Using Hidden Markov Models for Land Surface Phenology: An Evaluation Across a Range of Land Cover Types in Southeast Spain
Land Surface Phenology (LSP) metrics are increasingly being used as indicators of climate change impacts in ecosystems. For this purpose, it is necessary to use methods that can be applied to large areas with different types of vegetation, including vulnerable semiarid ecosystems that exhibit high spatial variability and low signal-to-noise ratio in seasonality. In this work, we evaluated the use of hidden Markov models (HMM) to extract phenological parameters from Moderate Resolution Imaging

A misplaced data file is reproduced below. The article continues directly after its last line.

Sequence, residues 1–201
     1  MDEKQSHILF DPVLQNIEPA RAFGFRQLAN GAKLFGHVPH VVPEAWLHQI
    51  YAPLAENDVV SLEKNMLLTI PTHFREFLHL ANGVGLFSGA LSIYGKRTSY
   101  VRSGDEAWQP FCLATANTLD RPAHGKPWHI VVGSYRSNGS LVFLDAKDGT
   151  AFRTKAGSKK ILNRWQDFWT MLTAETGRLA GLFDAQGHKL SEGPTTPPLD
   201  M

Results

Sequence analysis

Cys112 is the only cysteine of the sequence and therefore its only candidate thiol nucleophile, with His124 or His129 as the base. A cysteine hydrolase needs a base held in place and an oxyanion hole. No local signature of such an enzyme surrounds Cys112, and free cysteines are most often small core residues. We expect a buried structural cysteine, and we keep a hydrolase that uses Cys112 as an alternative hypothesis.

... esolution Imaging Spectroradiometer (MODIS) derived Normalized Difference Vegetation Index (NDVI). We analyzed NDVI time-series data for the period 2000–2018 across a range of land cover types in Southeast Spain, including rice croplands, shrublands, mixed pine forests, and semiarid steppes. Start of Season (SOS) and End of Season (EOS) metrics derived from HMM were compared with those obtained using well-established smoothing methods. When a clear and consistent seasonal variation was present, as was the case in the rice croplands, and when adjusting average curves, the smoothing methods performed as well as expected, with HMM providing consistent results. When spatial variability was high and seasonality was less clearly defined, as in the semiarid shrublands and steppe, the performance of the smoothing methods degraded. In these cases, the results from HMM were also less consistent, yet they were able to provide pixel-wise estimations of the metrics even when comparison methods did not.